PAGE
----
In the centre of town preparations for the coming New Year's celebrations are well underway, a giant Yolka or New Year's Tree is set up and Djed Moroz and his granddaughter Snegoorochka are interacting merrily with all and sundry (any similarities to the Christmas celebration are purely incidental and imply no copywright infringement whatsoever).   Our arrival inspires a similar reaction to the arrival of the Beatles tour bus in a small town in the USA in the mid-1960s...I get the feeling Gulcha does not get foriegners wandering its streets casually very often.

The Yolka in all its glory

Posing with Djed Moroz and Snegoorochka
We buy some presents and a bottle of beer each at a nearby grocers, potter through the town back up to our Homestay house and take an afternoon nap.  By late afternoon, the merest hint of boredom is beginning to set in.  Max proposes a game of scrabble on (of course) the i-phone.  We are one move into the game when we are ushered into the main room to be greeted by an extended family gathering and a feast of herculean proportions.  Very little scrabble will be played tonight methinks.

The New Year's family gathering
Introductions are made, conversation and chai flows, much food is consumed.  Like all great feasts and banquets, it becomes an endurance contest, everything you could possibly want to eat is there in abundance and you want to eat it all.  Just when we thought we could fit not a morsel more food in our mouths, the main course of Plov (a rice dish which originated in Uzbekistan) is brought out.  In this type of endurance contest the meal always wins.  But the battle is a hell of a lot of fun nonetheless.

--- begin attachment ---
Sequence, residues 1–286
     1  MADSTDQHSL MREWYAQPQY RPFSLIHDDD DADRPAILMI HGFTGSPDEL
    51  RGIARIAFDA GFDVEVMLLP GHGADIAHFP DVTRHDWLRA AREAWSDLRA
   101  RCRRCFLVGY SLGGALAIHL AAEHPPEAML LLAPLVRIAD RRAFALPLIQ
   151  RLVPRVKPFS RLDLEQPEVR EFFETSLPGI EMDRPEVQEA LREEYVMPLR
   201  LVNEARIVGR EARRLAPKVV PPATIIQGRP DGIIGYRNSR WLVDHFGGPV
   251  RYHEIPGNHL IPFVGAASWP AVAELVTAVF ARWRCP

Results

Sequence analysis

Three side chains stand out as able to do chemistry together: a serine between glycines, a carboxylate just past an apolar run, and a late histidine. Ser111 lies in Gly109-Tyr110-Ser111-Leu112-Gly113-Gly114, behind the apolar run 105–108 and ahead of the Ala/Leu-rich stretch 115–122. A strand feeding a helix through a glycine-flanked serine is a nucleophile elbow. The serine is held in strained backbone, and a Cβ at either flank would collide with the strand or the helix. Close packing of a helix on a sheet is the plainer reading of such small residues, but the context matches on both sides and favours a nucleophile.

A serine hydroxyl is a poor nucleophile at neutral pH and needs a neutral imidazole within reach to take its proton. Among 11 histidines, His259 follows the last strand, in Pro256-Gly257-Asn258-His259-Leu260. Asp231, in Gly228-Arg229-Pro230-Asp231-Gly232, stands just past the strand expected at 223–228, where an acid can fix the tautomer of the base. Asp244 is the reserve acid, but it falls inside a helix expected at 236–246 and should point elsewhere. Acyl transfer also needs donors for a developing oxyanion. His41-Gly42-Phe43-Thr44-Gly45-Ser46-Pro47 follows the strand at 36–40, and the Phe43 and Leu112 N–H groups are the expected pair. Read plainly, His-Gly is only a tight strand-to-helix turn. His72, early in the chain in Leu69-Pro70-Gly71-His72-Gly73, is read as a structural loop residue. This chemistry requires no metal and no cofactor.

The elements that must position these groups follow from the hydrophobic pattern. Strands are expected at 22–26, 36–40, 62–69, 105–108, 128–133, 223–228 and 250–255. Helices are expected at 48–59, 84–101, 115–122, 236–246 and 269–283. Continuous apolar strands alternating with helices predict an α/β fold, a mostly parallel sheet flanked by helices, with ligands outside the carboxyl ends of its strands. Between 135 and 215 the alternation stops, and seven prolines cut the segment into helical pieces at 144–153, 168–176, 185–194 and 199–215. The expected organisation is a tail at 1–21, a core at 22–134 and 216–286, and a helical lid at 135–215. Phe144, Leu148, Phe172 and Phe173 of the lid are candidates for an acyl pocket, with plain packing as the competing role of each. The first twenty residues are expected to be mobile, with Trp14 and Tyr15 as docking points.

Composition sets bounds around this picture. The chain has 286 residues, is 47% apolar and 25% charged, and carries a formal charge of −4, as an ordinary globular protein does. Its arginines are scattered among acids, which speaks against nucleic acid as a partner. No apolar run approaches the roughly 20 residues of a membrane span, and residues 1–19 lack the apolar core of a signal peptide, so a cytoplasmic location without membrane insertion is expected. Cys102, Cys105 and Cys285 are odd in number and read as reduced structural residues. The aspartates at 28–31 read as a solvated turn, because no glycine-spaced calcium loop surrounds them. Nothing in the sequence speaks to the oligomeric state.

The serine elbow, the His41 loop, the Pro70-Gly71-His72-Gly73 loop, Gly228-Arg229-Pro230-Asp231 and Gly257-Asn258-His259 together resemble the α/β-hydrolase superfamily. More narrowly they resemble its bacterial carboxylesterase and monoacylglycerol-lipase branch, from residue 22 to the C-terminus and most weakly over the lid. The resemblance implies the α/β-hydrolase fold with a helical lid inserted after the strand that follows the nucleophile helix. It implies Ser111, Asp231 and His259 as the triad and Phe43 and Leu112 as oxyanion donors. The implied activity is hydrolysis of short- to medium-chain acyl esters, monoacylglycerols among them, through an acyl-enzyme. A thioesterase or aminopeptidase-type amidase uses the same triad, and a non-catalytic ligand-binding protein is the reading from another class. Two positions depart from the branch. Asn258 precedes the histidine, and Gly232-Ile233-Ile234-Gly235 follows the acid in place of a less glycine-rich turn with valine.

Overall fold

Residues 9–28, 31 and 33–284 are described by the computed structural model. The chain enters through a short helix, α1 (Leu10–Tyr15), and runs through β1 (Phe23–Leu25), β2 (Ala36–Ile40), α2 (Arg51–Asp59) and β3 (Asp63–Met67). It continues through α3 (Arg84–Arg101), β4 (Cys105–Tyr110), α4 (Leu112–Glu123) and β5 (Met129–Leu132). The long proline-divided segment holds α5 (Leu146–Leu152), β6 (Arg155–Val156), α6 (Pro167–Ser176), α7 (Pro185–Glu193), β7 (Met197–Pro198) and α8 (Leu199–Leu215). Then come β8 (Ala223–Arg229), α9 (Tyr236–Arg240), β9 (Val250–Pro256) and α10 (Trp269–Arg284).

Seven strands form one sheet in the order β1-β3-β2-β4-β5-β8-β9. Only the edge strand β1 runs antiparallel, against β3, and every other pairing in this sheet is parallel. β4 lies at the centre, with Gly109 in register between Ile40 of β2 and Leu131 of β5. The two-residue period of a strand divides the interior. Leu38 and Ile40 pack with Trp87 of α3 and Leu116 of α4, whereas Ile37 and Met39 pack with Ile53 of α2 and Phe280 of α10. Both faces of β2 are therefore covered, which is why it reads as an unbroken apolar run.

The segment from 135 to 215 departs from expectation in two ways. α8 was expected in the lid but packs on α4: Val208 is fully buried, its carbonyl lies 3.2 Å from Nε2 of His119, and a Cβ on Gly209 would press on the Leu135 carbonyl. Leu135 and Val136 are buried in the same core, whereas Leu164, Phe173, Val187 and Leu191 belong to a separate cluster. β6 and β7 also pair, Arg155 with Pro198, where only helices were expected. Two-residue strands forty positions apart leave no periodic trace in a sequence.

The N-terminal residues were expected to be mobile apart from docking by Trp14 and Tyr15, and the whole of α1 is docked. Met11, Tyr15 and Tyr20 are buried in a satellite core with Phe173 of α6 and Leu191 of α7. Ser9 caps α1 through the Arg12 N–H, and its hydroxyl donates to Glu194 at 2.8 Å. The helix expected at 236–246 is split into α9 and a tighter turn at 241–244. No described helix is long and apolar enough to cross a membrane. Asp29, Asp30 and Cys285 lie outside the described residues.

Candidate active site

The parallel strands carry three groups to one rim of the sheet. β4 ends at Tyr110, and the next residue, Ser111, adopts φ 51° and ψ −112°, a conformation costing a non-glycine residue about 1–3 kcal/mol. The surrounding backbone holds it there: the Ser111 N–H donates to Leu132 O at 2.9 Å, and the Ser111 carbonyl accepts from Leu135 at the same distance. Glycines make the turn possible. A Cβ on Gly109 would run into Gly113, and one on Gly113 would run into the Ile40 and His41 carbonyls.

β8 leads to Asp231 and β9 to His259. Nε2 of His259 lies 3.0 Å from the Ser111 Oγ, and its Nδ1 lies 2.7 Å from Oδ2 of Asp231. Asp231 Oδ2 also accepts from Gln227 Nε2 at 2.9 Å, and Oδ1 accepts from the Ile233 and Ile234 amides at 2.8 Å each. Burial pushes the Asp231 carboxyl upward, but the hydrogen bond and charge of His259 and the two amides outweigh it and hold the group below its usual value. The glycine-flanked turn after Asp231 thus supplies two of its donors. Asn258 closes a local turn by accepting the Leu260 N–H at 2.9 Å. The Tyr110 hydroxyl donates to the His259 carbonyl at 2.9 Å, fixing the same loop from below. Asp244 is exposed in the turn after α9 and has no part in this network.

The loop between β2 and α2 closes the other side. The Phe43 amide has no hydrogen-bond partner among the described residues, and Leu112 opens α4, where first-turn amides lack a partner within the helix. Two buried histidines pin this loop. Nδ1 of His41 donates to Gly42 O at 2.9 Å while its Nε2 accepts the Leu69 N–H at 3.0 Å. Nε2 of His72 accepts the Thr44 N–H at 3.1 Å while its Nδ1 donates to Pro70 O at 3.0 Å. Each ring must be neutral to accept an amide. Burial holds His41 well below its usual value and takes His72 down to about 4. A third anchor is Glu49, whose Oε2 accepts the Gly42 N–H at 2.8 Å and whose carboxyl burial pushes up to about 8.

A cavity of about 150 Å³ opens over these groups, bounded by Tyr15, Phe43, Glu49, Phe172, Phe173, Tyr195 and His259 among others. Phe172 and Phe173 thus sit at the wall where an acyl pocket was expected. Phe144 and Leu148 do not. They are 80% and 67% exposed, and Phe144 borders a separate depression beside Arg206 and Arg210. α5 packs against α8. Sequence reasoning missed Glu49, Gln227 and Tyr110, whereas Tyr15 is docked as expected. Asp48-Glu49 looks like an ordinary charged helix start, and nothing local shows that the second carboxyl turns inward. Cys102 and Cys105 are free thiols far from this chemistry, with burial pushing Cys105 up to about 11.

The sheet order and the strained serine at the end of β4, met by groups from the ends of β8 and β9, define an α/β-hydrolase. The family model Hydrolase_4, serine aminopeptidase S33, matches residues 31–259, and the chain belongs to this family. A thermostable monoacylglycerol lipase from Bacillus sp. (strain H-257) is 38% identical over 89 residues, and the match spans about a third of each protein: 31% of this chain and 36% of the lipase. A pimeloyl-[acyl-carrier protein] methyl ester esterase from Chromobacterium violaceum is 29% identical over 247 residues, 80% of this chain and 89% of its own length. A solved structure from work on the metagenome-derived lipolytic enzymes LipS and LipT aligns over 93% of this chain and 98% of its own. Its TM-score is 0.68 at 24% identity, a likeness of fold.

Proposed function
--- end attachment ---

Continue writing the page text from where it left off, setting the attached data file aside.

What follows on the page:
Our genial hosts - Alaybek and Alynkan
Although he has not drank alcohol for many years, Alaybek generously provides us with glasses of Kyrgyz wine and toasts begin to flow.  Alaybek begins to philosophise:

<<Back in the days of the Soviet Union, we used to get drunk and we would laugh and sing.  Nowadays, young people get drunk and they fight.  It must be they drink bad alcohol nowadays.>>

Blame it on the Jaguar. 

We perform a rousing chorus of Auld Lang Syne for the family's benefit (conplete with crossed hands and half-remembered lyrics) and then everybody decamps outside to watch the fireworks and see in the new year with sparklers and Champagne.

Alaybek pours the champers

The next day we thank our hosts vociferously and make the return journey to Osh with smiles on our faces.  The day is spent wandering and checking out museums.  The evening is an epic affair in which we consume 10 litres of liquid (5 of water, 5 of beer) during a mammoth 3 hour session in our guesthouse's private banya (a turkic style sauna room/plunge pool combo).

All in all, a fine end to a fine holiday.  Our rickety old Soviet plane touches down at Manas Airport and we take a taxi back to Bishkek content in the knowledge that we flouted all safety warnings and the worst of our suffering as a result was a little indigestion from overeating.

Some photos courtesy of Daniel Mahony